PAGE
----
But the fact that the officer signed the ticket agreeing that the above statements are true, when a piece of the information was incorrectly recorded, should void the ticket.
    Read what you wrote about the officer's obligation:

    I declare under the penalties of perjury that the statements above are true to the best of my information, knowledge, and belief.

    At the time, the officer believed that to be true "to the best of [his] information."

    Doesn't this challenge the officers ability to function or concentrate? Therefore it could of affected his ability to operate the radar gun and incorrectly determine my speed. It makes the officer not credible anymore to the alleged violation. I know lots of things are going through his mind during the time that he has me pulled over on the side of the road. So it is understandable to get a tiny detail such as this wrong. But it still questions his credibility to overall violation.
    Ya know, you can toss all that falderal out there, but don't expect the judge to buy it. Perhaps if the officer made a slew of small errors an argument might be made that he was having a bad day paying attention to details ... but, an incorrect birthdate?

    Hopefully you have something a little more substantive to raise in your defense. The radar issues that IGB responded to would seem to be far more valid than this birthdate thing. I would suggest you look into those as possible arguments.

    However, keep in mind that radar training also means he has almost certainly been formally trained in the visual estimation of speed as well. So, even if the radar might be skewed a bit, he might still be able to get you on a visual estimate.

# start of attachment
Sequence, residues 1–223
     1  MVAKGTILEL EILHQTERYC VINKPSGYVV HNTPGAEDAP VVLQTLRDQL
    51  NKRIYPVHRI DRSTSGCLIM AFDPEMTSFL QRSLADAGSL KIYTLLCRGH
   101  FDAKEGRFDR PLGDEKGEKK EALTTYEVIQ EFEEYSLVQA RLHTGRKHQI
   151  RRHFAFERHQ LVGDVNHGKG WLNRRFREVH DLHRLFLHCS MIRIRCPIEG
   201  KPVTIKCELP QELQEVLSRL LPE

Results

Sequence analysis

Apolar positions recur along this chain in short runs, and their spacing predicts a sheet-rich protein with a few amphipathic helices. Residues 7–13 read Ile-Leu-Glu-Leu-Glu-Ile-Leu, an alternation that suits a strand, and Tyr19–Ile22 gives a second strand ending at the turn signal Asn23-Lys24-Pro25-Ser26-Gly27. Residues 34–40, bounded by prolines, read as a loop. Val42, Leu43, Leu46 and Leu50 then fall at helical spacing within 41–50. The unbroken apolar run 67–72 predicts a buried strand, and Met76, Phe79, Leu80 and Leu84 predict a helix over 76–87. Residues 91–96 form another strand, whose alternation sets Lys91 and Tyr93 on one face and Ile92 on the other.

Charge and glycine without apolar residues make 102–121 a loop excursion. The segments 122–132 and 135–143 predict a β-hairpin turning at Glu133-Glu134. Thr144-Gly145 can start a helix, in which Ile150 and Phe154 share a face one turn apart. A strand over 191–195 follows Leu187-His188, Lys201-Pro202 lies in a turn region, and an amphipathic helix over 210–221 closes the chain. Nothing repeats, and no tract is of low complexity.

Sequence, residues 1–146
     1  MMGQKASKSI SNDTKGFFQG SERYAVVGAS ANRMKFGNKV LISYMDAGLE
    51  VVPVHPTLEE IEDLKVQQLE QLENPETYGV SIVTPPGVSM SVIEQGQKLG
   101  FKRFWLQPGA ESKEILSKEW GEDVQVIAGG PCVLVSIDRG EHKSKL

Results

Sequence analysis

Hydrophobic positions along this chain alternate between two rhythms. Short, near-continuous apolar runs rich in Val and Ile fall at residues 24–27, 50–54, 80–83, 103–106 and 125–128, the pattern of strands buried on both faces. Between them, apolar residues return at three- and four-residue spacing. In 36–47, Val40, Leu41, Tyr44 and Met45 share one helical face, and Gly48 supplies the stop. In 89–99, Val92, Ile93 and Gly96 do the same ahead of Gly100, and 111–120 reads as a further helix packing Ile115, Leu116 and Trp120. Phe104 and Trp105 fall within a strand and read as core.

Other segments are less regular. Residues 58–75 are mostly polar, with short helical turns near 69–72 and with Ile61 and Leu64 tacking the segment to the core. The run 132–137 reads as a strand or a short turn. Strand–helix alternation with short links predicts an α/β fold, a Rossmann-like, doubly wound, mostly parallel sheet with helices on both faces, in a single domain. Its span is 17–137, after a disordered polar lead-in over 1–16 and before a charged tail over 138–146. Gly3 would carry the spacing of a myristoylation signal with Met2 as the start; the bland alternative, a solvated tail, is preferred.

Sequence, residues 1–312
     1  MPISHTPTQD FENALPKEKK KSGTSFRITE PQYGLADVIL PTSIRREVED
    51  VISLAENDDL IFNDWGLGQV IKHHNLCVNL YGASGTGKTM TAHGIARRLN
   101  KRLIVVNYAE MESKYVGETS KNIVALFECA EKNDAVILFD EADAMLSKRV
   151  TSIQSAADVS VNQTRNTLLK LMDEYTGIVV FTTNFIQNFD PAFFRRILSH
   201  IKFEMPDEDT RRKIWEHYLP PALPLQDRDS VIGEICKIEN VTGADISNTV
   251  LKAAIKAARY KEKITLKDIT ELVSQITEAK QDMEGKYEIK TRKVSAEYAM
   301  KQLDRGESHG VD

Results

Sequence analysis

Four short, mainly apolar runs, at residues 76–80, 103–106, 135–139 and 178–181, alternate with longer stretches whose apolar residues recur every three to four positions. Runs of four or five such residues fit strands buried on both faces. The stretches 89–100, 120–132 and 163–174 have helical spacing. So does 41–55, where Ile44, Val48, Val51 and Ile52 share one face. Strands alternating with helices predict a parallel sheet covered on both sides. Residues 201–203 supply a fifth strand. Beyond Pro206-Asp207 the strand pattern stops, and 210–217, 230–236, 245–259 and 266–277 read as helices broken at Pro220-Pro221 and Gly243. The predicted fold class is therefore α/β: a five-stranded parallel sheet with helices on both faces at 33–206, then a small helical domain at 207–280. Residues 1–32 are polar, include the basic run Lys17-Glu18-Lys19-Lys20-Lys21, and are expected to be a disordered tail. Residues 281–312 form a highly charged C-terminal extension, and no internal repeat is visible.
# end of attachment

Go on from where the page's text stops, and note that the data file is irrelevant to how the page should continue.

A Nor Cal Cop Sergeant

    "Make mine a double mocha ...
    And a croissant!"

    Seek justice,
    Love mercy,
    Walk humbly with your God

    -- Courageous, by Casting Crowns ... http://www.youtube.com/watch?v=pkM-gDcmJeM
  8. #8
    boops is offline Junior Member
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    Thanks for the response. What about the fact that I am from Ohio and received the ticket in Michigan and that my license expires this Sunday? Does that factor into anything at all?
  9. #9
    LizzieB is offline Member
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    Quote Originally Posted by boops View Post
    Thanks for the response. What about the fact that I am from Ohio and received the ticket in Michigan and that my license expires this Sunday? Does that factor into anything at all?
    I'd just try to renew my license by Friday.

    As to the original issue, a "3" versus an "8"? That's not going to hold up.

    Do you really want to contest the ticket? If so, request a trial date, show up at court and hope the cop who wrote you the ticket doesn't show up.

    Plead not guilty and if he/she doesn't show, the state has no evidence against you. Case dismissed.

    You might even find a local (Michigan) lawyer who specializes in traffic violations for a nominal fee. You'll likely still need to show, but the lawyer can walk it through.
  10. #10
    boops is offline Junior Member
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    Thanks everyone for the responses. I think I am just going to pay the ticket, which is a $130 fine. The reason being is that the only hard evidence I could produce would be the calibration records of the radar gun and I dont even know how to go about obtaining those. Even if I do it might prove that the officer was even more correct in getting my speed. Plus I am not sure if there are extra fines accosiated with going to court, if not it may be worth it to show up and hope the officer does not. Thanks again.